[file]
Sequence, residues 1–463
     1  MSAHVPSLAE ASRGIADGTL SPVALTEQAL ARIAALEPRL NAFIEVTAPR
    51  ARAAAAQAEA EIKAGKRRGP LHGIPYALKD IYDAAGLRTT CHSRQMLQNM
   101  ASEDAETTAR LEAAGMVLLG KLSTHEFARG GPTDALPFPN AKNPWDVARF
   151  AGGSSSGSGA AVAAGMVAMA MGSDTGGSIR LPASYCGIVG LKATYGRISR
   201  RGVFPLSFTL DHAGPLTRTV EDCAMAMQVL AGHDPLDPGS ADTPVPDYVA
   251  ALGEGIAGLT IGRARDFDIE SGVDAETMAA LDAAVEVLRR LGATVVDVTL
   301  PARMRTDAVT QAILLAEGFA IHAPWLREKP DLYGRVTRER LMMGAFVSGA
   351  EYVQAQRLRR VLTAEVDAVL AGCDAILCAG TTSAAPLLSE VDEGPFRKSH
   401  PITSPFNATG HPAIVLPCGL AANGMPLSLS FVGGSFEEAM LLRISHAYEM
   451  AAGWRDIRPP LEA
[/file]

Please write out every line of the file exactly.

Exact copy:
Sequence, residues 1–463
     1  MSAHVPSLAE ASRGIADGTL SPVALTEQAL ARIAALEPRL NAFIEVTAPR
    51  ARAAAAQAEA EIKAGKRRGP LHGIPYALKD IYDAAGLRTT CHSRQMLQNM
   101  ASEDAETTAR LEAAGMVLLG KLSTHEFARG GPTDALPFPN AKNPWDVARF
   151  AGGSSSGSGA AVAAGMVAMA MGSDTGGSIR LPASYCGIVG LKATYGRISR
   201  RGVFPLSFTL DHAGPLTRTV EDCAMAMQVL AGHDPLDPGS ADTPVPDYVA
   251  ALGEGIAGLT IGRARDFDIE SGVDAETMAA LDAAVEVLRR LGATVVDVTL
   301  PARMRTDAVT QAILLAEGFA IHAPWLREKP DLYGRVTRER LMMGAFVSGA
   351  EYVQAQRLRR VLTAEVDAVL AGCDAILCAG TTSAAPLLSE VDEGPFRKSH
   401  PITSPFNATG HPAIVLPCGL AANGMPLSLS FVGGSFEEAM LLRISHAYEM
   451  AAGWRDIRPP LEA